Child protection and the Aboriginal community
If the Ministry of Children and Family Development (or a delegated Aboriginal agency) is concerned about your child's safety and well-being, it must investigate. If they have serious concerns, the ministry may take your child from your home. This is called child protection.
Important: If a social worker from the ministry (or a delegated Aboriginal agency) contacts you or visits your home, you have the right to get legal advice. The social worker may take your child from your home. Call Legal Aid immediately to find out if you qualify for a free lawyer.
604-408-2172 (Greater Vancouver)
1-866-577-2525 (no charge outside Greater Vancouver)
Ask your lawyer or social worker about getting an Aboriginal child protection mediator to help with your case.
On this page:
BC law has special terms regarding the care of Aboriginal children in child protection situations. The law recognizes:
- Preserving (protecting and keeping) their cultural identity is essential to the safety and well-being of Aboriginal children.
- Preserving their cultural identity is necessary when planning for an Aboriginal child's care.
- Aboriginal people and the Aboriginal community should be involved in the planning and delivery of services to Aboriginal families and their children.
- Appropriate Aboriginal organizations must be notified of child protection proceedings that involve Aboriginal children.
- If appropriate, designated representatives of bands, Aboriginal communities, treaty First Nations, and the Nisga'a Lisims government have the right to become a party to a child protection hearing for a child from their community. A designated representative is someone who is chosen to speak for others.
- If the ministry takes your child from your home, it will first try to place your child with your family or another Aboriginal family.
The ministry must notify your child's Aboriginal organization. For some hearings, the ministry must also notify a representative of your child's Aboriginal organization. Your child's Aboriginal organization may be:
- a band,
- a friendship centre,
- a treaty First Nation, or
- a Nisga'a Lisims government.
The Aboriginal representative has the right to:
- receive all records and information related to your case,
- speak at the child protection hearing,
- call witnesses and question other witnesses (witnesses are people who know about your situation and will talk about what they know),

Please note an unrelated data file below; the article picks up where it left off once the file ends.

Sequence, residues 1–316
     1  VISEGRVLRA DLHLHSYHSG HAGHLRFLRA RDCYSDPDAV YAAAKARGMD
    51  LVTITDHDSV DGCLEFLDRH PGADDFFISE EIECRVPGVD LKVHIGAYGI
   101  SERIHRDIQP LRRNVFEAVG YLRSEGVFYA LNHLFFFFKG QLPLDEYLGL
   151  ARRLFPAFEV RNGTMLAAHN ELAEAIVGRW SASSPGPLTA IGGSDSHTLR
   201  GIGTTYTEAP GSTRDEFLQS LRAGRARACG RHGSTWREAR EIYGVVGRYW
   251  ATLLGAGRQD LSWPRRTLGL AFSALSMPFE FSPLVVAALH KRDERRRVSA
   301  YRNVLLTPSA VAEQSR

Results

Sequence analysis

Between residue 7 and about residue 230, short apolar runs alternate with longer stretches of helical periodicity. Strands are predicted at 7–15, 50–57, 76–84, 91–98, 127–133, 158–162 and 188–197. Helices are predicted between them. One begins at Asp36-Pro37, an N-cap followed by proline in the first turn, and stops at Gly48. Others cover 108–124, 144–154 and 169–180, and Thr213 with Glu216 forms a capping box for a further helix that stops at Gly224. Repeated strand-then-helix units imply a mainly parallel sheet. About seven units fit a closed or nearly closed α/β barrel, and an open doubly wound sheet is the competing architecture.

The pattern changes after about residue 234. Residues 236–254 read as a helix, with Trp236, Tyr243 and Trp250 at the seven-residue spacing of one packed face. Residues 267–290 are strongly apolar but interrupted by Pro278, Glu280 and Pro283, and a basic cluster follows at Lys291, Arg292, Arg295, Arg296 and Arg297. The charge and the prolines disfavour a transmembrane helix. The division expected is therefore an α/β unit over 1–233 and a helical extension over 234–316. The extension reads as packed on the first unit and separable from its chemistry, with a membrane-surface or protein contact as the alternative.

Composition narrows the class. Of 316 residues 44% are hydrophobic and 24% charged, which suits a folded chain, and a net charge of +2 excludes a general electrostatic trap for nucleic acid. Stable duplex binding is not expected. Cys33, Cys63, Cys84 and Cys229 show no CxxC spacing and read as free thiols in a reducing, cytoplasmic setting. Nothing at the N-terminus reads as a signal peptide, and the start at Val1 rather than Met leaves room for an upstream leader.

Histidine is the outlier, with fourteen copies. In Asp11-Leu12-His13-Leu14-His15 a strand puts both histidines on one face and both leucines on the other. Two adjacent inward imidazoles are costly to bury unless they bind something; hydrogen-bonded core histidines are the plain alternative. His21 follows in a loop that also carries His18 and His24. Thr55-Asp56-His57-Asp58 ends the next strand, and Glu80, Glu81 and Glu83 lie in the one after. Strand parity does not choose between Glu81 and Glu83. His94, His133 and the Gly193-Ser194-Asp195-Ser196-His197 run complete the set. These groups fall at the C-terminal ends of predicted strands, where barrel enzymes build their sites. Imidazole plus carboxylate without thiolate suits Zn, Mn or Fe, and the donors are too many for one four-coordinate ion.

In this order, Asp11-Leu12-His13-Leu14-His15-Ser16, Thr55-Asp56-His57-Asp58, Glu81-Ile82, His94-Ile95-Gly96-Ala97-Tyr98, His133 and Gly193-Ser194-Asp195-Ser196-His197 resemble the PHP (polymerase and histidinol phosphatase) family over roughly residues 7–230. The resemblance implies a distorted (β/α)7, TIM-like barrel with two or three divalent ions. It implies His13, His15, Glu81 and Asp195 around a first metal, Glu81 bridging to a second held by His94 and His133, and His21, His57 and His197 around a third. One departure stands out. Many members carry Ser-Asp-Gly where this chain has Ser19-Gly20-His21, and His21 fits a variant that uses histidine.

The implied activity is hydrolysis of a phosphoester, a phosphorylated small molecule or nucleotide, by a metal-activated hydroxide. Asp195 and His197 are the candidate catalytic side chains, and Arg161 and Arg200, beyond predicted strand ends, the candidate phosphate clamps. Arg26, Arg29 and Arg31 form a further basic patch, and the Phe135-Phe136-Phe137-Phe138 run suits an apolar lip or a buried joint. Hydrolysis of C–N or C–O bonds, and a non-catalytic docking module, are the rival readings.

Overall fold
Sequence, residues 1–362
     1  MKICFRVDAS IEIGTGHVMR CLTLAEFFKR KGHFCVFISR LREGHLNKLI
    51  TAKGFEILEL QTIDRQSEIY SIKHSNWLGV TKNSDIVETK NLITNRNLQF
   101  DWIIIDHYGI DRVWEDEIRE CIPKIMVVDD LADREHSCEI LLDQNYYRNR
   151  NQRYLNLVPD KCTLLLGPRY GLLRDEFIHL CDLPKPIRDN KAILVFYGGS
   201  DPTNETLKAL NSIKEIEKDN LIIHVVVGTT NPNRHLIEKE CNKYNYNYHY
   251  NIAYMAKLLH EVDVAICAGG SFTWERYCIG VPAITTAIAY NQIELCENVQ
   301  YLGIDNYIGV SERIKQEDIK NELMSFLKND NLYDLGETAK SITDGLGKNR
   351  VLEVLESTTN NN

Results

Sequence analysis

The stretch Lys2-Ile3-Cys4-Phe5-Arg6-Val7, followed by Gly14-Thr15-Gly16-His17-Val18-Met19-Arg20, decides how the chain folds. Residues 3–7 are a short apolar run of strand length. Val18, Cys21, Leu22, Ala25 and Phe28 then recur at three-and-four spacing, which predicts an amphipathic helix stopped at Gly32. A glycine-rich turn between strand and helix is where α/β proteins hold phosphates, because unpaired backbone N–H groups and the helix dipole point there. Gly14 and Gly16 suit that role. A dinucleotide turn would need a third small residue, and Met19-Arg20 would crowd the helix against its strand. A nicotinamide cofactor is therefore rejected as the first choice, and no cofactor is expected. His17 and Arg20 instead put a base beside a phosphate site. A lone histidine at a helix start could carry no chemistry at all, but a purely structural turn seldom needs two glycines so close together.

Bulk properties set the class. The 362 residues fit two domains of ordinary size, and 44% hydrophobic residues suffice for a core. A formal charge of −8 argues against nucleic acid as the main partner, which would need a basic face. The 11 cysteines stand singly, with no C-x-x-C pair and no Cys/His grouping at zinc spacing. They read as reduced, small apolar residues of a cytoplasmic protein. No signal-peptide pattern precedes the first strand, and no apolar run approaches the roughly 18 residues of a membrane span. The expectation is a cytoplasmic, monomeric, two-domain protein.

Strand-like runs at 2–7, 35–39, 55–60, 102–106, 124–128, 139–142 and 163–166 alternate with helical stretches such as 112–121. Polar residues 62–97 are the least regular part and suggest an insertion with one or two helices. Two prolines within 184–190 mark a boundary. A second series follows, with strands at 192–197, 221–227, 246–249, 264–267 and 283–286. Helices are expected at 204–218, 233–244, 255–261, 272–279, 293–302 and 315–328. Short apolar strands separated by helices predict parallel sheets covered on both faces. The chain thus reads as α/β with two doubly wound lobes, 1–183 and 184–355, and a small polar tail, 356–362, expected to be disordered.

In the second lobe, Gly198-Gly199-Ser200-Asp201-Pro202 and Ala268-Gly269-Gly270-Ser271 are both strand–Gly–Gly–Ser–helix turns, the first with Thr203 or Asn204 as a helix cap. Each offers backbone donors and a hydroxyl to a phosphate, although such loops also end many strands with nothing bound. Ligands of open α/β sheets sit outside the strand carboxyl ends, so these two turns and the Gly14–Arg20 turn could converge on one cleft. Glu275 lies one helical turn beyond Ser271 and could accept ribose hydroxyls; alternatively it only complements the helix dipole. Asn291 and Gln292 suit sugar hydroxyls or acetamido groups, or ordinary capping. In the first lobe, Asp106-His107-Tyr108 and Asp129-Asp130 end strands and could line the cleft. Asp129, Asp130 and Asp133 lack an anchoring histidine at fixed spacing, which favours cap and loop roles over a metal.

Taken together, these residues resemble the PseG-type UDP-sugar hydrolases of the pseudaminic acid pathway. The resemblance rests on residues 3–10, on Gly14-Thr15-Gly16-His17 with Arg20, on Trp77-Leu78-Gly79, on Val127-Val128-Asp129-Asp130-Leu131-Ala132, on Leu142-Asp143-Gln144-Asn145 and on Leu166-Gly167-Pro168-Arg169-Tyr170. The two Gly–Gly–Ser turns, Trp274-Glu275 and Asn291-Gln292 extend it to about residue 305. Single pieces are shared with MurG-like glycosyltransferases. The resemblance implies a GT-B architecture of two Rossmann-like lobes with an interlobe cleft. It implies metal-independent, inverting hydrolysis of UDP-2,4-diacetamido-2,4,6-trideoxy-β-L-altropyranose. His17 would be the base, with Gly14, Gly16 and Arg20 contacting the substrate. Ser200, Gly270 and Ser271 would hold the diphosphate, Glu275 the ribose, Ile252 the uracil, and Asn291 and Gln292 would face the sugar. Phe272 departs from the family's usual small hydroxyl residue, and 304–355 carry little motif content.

- take part in any mediation,
- suggest supports that might help you,
- suggest another culturally appropriate plan for your child's care, and
- ask about ways to get you help.
To find your designated representative, look through the list of Aboriginal organizations and designated representatives in the Child, Family and Community Service Regulation.
Important: If you don't want the ministry to involve your child's Aboriginal community, you must let the social worker know as soon as possible.
In some communities, an Aboriginal child and family service agency (also known as a delegated Aboriginal agency), not the ministry, will investigate child abuse complaints.
Several Aboriginal bands and communities have delegated Aboriginal agencies. Ask whether your band or community is affected.
Not all delegated Aboriginal agencies have the same amount of responsibilities to manage their community's child and family services.
For more information, see our fact sheet Understanding delegated Aboriginal agencies. Or see the Ministry of Children and Family Development website.
There are agencies and resources in many communities that offer services specifically for Aboriginal families. The ministry has working relationships with many of these agencies. The ministry can refer you to them to help you with any child protection concerns.
Important: The ministry must refer you to these services if doing so will help to avoid removing your child from your home.
Ask the social worker about these services.
For help with child protection issues from an Aboriginal perspective:
- ask an advocate or social worker in your community, or
- find Aboriginal family services listed in A Guide to Aboriginal Organizations and Services in British Columbia on the Ministry of Aboriginal Relations and Reconciliation website.
The following resources may be of help to you and your family:
- Our Aboriginal Legal Aid in BC website:
- The Aboriginal Child Protection Wallet Card
- Our poster outlining the Aboriginal Child Protection Process
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